Rand Paul to oppose Patriot Act provisions after all 6 Ky. congressmen voted for them
02/09/2011 07:50 PM
Citing a fear of “unchecked authority,” Kentucky freshman U.S. Sen. Rand Paul announced in a seven-minute video Wednesday evening that he would vote against extending three key provisions of the U.S. Patriot Act.
“I intend to oppose extending the expiring provisions of the Patriot Act in the coming weeks,” he said in the video posted on his YouTube page. “But more importantly I want to spark a discussion of who we want to be as a people and as a nation. Are we a nation whose laws are in place to protect the rights of the people or are we willing to give those rights up … to more expeditiously capture criminals.”
Paul said the Patriot Act, passed in the wake of the Sept. 11, 2001, attacks, “unconstitutionally empowers the federal government to violate the 4th Amendment rights” in place to protect against government searches and seizures.
His announcement came after the House failed on Tuesday night to approve the extension of three provisions of the law that are slated to expire Feb. 28. Two-thirds of the 435 members needed to support the extension, but 26 Republicans from the majority joined 122 Democrats to oppose the legislation — enough for the measure to fail.
All six of Kentucky’s congressmen voted to extend the provisions.
Paul criticized the House’s willingness to take up the issue without holding committee hearings and said Congress failed by not living up to its pledge to regularly examine how the Patriot Act was being used by law enforcement.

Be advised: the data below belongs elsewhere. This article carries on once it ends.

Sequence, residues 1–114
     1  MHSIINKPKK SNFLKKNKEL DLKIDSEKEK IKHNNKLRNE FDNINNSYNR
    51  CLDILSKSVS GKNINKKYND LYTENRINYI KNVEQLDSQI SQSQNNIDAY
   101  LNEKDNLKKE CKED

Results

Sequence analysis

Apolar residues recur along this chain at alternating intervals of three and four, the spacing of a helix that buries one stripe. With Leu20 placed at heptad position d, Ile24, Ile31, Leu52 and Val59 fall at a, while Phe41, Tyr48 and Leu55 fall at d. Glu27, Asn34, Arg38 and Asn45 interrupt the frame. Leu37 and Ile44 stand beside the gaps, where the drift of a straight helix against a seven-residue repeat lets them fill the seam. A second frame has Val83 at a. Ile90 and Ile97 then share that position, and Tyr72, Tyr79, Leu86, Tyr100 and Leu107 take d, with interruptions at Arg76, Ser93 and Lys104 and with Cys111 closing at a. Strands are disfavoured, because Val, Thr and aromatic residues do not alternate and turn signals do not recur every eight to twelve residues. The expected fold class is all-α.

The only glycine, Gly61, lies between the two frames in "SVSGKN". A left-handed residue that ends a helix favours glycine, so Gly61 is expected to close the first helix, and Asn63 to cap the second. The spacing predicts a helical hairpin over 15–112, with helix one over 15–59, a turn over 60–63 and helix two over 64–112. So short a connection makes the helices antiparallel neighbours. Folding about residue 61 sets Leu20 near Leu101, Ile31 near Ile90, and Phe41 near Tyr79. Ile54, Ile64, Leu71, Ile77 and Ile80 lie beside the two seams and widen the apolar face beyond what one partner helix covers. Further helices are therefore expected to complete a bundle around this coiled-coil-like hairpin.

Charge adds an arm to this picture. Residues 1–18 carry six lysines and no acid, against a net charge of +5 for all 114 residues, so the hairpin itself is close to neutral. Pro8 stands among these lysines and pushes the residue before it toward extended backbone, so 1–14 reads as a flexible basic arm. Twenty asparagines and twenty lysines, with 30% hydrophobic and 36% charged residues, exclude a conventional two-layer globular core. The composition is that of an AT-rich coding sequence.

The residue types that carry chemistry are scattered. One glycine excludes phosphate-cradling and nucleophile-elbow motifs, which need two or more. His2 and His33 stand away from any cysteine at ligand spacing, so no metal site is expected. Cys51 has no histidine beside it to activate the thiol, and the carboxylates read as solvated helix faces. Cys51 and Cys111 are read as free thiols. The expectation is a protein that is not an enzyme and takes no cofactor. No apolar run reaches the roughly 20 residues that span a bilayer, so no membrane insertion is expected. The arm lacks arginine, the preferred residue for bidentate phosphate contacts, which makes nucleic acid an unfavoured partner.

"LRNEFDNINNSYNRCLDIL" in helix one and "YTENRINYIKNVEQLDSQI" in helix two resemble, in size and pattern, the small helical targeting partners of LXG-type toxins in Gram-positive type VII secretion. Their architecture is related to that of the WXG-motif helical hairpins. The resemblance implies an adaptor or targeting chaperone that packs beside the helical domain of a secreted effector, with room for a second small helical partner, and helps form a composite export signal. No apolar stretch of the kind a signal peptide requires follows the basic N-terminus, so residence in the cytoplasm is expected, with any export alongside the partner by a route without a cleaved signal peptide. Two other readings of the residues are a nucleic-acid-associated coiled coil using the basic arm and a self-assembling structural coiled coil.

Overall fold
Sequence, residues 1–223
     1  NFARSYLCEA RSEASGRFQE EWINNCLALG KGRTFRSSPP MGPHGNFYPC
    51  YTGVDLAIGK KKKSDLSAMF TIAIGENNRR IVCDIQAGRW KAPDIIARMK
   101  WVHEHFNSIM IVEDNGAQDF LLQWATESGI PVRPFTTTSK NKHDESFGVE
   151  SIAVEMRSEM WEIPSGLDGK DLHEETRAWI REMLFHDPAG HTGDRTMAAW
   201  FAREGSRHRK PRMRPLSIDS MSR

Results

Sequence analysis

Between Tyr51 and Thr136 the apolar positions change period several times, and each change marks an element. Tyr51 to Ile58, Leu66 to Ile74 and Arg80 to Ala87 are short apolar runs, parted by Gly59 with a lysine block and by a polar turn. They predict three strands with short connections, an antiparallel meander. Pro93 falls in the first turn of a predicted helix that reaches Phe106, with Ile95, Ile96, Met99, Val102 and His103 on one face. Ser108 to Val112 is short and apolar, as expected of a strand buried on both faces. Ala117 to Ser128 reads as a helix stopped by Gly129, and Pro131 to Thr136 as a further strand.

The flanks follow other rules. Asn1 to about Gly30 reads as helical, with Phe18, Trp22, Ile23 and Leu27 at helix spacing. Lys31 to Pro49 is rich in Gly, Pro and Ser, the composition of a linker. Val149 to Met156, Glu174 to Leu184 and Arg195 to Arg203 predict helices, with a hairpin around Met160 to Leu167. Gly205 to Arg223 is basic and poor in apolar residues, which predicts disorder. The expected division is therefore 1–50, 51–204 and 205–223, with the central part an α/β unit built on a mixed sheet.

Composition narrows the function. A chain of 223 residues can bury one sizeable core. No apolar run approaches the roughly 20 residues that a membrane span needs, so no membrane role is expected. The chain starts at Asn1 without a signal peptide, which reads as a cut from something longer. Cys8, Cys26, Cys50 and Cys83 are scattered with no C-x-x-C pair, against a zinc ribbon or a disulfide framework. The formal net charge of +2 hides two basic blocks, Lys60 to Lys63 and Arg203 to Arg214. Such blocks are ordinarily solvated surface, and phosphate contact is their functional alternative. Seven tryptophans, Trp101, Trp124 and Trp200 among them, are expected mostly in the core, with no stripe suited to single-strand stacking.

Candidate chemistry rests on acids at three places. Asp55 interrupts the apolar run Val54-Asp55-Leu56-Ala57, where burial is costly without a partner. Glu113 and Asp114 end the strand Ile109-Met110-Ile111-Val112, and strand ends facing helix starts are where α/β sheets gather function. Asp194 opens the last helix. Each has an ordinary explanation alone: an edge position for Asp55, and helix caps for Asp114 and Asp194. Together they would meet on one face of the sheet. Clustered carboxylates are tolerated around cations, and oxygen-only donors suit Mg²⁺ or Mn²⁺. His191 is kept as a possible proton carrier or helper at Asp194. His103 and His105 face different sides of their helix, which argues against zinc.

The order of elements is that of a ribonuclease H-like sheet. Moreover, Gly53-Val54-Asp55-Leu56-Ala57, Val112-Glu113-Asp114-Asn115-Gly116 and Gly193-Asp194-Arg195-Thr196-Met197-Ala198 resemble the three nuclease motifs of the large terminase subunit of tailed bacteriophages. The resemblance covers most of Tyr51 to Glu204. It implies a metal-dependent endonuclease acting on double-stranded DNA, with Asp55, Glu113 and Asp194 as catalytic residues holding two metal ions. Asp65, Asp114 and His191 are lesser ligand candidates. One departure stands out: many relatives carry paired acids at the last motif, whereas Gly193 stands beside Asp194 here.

The parts of the Patriot Act that are on the verge of expiring include:
- allowing FBI agents latitude in setting up wiretaps of targets without naming the person of interest in the warrant;
- give agents permission to spy on people who aren’t American citizens but aren’t known to associate with terrorist cells;
- provide law enforcement access to certain records, including library usage and hospital records, as part of a terrorist investigation.
Paul expressed concerns about the Patriot Act during his 2010 campaign for U.S. Senate. And his father, Texas Congressman Ron Paul, was one of three lawmakers in the U.S. House to oppose the original bill in 2001.
“My main objection to the Patriot Act is that searches that normally require a judge’s warrant are performed with an FBI agent’s letter — a national security letter,” the younger Paul said in his video Wednesday. “I object to these warrantless searches being performed on American citizens.”
He also took issue with the more than “two million searches of bank records” through “suspicious activity reports” that have been conducted over the last 10 years.
Paul prefaced his remarks by talking about President John Adams, who defended British soldiers accused of participating in the Boston massacre because of Adams’ belief in due process. And he spoke of the purpose of the 4th Amendment that guards against unreasonable searches and seizures by the government.
Paul had hinted earlier in the week that he would oppose the extensions. He told the Washington Post on Monday that:
“I’ve had a lot of reservations about the Patriot Act,” Paul said when asked whether he’s leaning toward voting for an extension. “We’re reviewing it and we’re going over it, and we will have something out probably in the next couple of days,” he added. “We won’t be shy about it when it comes out.”
- Ryan Alessi
Below the Fold
State hopes to raise awareness, educate public on prescription drug abuse and proper disposal with new partnership
Subscribe and get the latest political intelligence delivered to your inbox.